The world's best breathing experts jet into Sydney this week, half a century after their founders first gathered to unravel the mysteries of respiratory health.
Calling themselves the Flow-Volume Underworld, they are the top respiratory researchers and physicians in the area of lung physiology in the world.
Much of what is known today about the lungs and how they work is owed to the group of pioneering scientists who first met in Baltimore in 1964 to investigate the inner workings of lung mechanics.
The underworld was founded by respiratory godfathers including Americans Jere Mead, Peter Macklem, Robert Hyatt and Sol Permutt, who were joined in years to come by a raft of other celebrated specialists whose names have adorned some of the most important clinical papers published in the field of lung health.
They would meet regularly in North America and Europe to puzzle over scientific mysteries and celebrate their discoveries. Their breakthroughs were many and varied, but none more significant than the development of the flow-volume curve, a tool which has become the gold standard for measuring airway narrowing in medicine.
They also uncovered the problem of disease of the small airways, a concept that triggered research into new puffers that specifically target airways in the deepest parts of the lung. This will benefit patients with asthma, COPD and other airways diseases.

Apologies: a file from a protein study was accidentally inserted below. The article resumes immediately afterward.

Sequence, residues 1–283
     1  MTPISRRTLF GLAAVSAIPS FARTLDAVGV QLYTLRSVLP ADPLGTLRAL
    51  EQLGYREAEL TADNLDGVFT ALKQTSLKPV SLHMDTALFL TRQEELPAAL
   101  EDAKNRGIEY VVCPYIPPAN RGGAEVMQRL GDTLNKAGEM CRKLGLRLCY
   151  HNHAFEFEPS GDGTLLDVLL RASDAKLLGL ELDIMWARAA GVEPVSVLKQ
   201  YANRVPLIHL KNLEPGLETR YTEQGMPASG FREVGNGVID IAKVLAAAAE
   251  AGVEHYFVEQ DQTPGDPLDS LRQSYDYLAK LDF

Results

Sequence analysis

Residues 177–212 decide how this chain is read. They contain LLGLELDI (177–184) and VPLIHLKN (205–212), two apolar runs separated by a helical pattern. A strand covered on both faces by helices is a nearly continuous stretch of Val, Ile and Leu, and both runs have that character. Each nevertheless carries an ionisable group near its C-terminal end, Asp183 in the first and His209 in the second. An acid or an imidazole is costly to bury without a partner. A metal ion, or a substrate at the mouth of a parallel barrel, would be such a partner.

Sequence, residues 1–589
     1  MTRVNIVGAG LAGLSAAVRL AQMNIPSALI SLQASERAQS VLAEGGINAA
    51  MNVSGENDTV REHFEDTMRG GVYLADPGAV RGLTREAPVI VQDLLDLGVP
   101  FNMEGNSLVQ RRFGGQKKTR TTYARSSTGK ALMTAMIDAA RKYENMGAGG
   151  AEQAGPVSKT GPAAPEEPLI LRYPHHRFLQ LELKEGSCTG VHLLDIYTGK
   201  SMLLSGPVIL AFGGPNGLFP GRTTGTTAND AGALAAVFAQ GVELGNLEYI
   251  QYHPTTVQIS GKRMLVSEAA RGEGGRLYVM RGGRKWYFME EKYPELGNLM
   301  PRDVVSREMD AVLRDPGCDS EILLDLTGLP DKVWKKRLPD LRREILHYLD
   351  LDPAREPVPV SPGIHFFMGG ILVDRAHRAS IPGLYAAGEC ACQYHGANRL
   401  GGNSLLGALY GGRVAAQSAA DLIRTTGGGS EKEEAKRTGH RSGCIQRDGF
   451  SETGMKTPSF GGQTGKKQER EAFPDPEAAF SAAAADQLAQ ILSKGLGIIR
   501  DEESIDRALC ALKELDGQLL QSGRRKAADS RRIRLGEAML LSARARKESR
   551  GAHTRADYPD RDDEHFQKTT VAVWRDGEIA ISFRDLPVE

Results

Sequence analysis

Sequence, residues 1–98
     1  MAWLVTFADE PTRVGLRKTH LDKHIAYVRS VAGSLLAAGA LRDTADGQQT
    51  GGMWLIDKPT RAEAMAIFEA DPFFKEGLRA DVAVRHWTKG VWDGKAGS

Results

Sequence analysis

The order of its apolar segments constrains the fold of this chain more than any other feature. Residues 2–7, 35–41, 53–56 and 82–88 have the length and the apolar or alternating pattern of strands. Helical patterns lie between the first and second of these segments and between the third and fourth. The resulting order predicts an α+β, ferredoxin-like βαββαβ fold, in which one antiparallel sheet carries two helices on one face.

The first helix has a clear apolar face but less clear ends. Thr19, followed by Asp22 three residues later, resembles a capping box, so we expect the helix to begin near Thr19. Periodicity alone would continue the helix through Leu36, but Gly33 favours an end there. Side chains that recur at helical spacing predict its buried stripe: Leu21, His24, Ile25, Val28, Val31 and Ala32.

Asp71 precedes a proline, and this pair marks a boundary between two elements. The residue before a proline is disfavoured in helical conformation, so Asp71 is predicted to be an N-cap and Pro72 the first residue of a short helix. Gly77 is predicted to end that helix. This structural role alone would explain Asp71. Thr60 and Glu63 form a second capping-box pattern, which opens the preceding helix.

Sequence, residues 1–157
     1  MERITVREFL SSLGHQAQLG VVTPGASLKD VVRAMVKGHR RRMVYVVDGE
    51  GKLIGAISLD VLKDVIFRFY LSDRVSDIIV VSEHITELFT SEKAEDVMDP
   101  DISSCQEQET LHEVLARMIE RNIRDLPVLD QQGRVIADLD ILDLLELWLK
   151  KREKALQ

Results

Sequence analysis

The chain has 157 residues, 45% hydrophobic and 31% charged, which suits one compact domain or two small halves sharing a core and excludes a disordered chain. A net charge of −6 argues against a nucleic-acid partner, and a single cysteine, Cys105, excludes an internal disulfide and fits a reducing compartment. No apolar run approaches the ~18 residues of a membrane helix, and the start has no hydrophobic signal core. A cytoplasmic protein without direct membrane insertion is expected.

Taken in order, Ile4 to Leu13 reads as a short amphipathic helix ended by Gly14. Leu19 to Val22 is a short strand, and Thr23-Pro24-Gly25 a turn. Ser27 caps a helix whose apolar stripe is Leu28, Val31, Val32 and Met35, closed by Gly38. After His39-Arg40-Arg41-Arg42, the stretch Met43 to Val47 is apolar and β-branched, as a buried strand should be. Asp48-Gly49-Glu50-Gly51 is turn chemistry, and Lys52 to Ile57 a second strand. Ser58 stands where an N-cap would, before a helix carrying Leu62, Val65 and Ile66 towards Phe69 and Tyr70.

Their discoveries now form a key part of modern day respiratory health care, helping babies born with often fatal respiratory distress, asthmatics, smokers and those suffering the common night time breathing condition obstructive sleep apnea.
Australia's own Ann Woolcock, after whom Sydney's Woolcock Institute of Medical Research is named, attended the third meeting in 1968, aged just 30. She would go on to become one of the world's pre-eminent asthma researchers, revolutionising understanding of the mechanisms and consequences of the physiology of airway obstruction of acute asthma.
While these original pioneers have since retired or passed away, the group lives on among the next generation of world-leading respiratory researchers who meet in Australia for the first time this week.
The two-day meeting, the first ever in the southern hemisphere, will tackle the big issues of lung function today, including lung transplants, lung injury, new treatments for asthma and how to make lungs last well into old age.
The Flow-Volume Underworld conference, to be held on March 25 and 26, will be hosted by the Woolcock Institute of Medical Research.